Retail

Gap Halts Rent Payments On Temporarily Closed Stores

Gap

As its retail locations are closed due to the COVID-19 pandemic, Gap cautioned on Thursday (April 23) that it might not have enough cash to adequately fund its operations. The clothing retailer said it has to take additional steps to come across liquidity over the next year like debt financing and further job reductions, CNBC reported.

Gap said per the report that stopped paying rent on its retail locations that are temporarily closed starting this month — an amount that comes out to approximately $115 million in monthly expenses in North America. The retailer said it was working with landlords to agree on an abatement or delay payments for rent.

Gap said per the report, “If we are unable to renegotiate the leases and continue to suspend rent payments, the landlords under a majority of the leases for our stores in the United States could allege that we are in default under the leases and attempt to terminate our lease and accelerate our future rents due.”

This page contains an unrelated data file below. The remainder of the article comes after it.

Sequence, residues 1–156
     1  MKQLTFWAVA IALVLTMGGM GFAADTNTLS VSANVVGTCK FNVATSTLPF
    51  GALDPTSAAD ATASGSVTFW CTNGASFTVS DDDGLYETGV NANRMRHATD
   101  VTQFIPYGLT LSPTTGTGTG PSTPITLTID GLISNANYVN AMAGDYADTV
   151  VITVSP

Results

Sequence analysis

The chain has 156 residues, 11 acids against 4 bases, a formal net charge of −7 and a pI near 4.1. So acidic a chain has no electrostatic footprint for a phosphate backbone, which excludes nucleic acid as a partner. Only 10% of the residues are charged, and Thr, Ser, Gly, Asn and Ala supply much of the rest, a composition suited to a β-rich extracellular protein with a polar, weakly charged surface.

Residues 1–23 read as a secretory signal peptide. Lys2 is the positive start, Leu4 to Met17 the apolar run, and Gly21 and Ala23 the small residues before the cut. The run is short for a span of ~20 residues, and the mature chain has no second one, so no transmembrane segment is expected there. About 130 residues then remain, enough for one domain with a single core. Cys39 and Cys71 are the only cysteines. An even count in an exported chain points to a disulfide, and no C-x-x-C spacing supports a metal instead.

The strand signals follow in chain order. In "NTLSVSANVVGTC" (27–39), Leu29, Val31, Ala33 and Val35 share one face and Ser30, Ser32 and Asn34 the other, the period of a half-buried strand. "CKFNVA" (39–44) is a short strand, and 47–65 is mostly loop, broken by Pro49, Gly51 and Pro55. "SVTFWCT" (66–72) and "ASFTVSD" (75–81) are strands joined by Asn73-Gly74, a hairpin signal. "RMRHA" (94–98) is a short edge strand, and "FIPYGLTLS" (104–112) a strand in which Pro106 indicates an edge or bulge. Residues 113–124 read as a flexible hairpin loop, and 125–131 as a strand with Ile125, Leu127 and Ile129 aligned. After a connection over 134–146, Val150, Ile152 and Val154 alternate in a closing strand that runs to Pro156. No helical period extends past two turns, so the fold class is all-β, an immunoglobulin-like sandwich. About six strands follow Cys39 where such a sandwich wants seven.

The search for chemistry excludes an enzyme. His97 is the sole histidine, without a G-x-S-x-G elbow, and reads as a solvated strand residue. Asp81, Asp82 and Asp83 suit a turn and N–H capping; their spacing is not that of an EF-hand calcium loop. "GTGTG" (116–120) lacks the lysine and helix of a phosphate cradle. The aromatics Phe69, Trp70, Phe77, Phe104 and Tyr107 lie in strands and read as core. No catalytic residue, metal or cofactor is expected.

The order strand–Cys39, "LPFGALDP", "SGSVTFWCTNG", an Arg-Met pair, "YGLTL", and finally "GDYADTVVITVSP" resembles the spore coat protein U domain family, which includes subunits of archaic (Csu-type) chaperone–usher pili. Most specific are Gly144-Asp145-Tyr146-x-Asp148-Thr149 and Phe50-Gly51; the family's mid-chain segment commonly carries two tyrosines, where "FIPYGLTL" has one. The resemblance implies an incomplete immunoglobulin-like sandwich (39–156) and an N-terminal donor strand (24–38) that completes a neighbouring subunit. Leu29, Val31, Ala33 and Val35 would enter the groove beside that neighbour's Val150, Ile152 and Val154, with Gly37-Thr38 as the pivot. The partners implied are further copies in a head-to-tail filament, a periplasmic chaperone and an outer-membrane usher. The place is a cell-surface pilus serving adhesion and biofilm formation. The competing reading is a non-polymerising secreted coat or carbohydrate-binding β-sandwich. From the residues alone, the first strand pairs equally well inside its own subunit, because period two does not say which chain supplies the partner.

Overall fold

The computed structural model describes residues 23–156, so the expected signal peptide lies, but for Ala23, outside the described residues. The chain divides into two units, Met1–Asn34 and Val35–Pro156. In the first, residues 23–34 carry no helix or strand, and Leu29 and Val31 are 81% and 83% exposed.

Simon Property Group, the largest U.S. mall owner, has 412 Gap stores, with the inclusion of Old Navy and Banana Republic, at its shopping centers.  As a result, Gap is said to be the real estate firm’s largest in-line tenant at its shopping centers when it comes to rent.

Gap has also warned that is profit margins could be negatively impacted as it will need to use steep discounts in an effort to sell product.

Shares in the company opened a bit higher following an approximately 7 percent drop in premarket trading. Gap's stock has plummeted almost 60 percent this year.

As previously reported, battles are afoot between landlords and big company tenants that haven’t paid rent amid the COVID-19 pandemic, with the inclusion of luminary names such as Victoria’s Secret, Dick’s Sporting Goods and Petco. Some other names include Burlington Stores, Louis Vuitton, and Staples.

——————————

NEW PYMNTS DATA: HOW WE SHOP – SEPTEMBER 2020 

The How We Shop Report, a PYMNTS collaboration with PayPal, aims to understand how consumers of all ages and incomes are shifting to shopping and paying online in the midst of the COVID-19 pandemic. Our research builds on a series of studies conducted since March, surveying more than 16,000 consumers on how their shopping habits and payments preferences are changing as the crisis continues. This report focuses on our latest survey of 2,163 respondents and examines how their increased appetite for online commerce and digital touchless methods, such as QR codes, contactless cards and digital wallets, is poised to shape the post-pandemic economy.

TRENDING RIGHT NOW